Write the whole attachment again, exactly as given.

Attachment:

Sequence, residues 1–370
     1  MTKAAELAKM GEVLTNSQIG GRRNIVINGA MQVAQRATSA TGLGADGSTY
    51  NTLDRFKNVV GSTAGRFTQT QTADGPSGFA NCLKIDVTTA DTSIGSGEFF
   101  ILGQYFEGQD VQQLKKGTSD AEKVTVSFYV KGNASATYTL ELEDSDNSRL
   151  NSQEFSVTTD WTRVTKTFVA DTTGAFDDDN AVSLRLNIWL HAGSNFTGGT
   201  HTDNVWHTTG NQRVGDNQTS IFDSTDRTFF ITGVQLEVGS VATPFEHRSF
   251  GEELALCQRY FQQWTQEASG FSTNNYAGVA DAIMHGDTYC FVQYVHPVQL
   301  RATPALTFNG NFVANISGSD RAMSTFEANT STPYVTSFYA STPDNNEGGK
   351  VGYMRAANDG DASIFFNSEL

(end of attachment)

Sequence, residues 1–370
     1  MTKAAELAKM GEVLTNSQIG GRRNIVINGA MQVAQRATSA TGLGADGSTY
    51  NTLDRFKNVV GSTAGRFTQT QTADGPSGFA NCLKIDVTTA DTSIGSGEFF
   101  ILGQYFEGQD VQQLKKGTSD AEKVTVSFYV KGNASATYTL ELEDSDNSRL
   151  NSQEFSVTTD WTRVTKTFVA DTTGAFDDDN AVSLRLNIWL HAGSNFTGGT
   201  HTDNVWHTTG NQRVGDNQTS IFDSTDRTFF ITGVQLEVGS VATPFEHRSF
   251  GEELALCQRY FQQWTQEASG FSTNNYAGVA DAIMHGDTYC FVQYVHPVQL
   301  RATPALTFNG NFVANISGSD RAMSTFEANT STPYVTSFYA STPDNNEGGK
   351  VGYMRAANDG DASIFFNSEL